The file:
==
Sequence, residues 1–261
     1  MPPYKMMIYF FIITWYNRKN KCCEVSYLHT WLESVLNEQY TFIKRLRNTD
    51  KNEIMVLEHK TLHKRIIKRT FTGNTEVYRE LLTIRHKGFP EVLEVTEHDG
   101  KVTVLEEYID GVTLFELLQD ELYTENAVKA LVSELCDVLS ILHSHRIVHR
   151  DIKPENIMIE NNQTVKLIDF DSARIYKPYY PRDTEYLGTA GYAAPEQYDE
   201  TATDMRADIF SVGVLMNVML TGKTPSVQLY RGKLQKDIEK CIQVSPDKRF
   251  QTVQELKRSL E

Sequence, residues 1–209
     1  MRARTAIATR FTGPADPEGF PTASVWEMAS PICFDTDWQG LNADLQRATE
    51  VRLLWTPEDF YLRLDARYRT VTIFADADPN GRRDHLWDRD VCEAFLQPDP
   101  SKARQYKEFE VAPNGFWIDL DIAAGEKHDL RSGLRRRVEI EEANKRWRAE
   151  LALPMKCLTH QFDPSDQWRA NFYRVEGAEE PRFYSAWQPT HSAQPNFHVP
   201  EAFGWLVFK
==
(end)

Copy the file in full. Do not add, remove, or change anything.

Sequence, residues 1–261
     1  MPPYKMMIYF FIITWYNRKN KCCEVSYLHT WLESVLNEQY TFIKRLRNTD
    51  KNEIMVLEHK TLHKRIIKRT FTGNTEVYRE LLTIRHKGFP EVLEVTEHDG
   101  KVTVLEEYID GVTLFELLQD ELYTENAVKA LVSELCDVLS ILHSHRIVHR
   151  DIKPENIMIE NNQTVKLIDF DSARIYKPYY PRDTEYLGTA GYAAPEQYDE
   201  TATDMRADIF SVGVLMNVML TGKTPSVQLY RGKLQKDIEK CIQVSPDKRF
   251  QTVQELKRSL E

Sequence, residues 1–209
     1  MRARTAIATR FTGPADPEGF PTASVWEMAS PICFDTDWQG LNADLQRATE
    51  VRLLWTPEDF YLRLDARYRT VTIFADADPN GRRDHLWDRD VCEAFLQPDP
   101  SKARQYKEFE VAPNGFWIDL DIAAGEKHDL RSGLRRRVEI EEANKRWRAE
   151  LALPMKCLTH QFDPSDQWRA NFYRVEGAEE PRFYSAWQPT HSAQPNFHVP
   201  EAFGWLVFK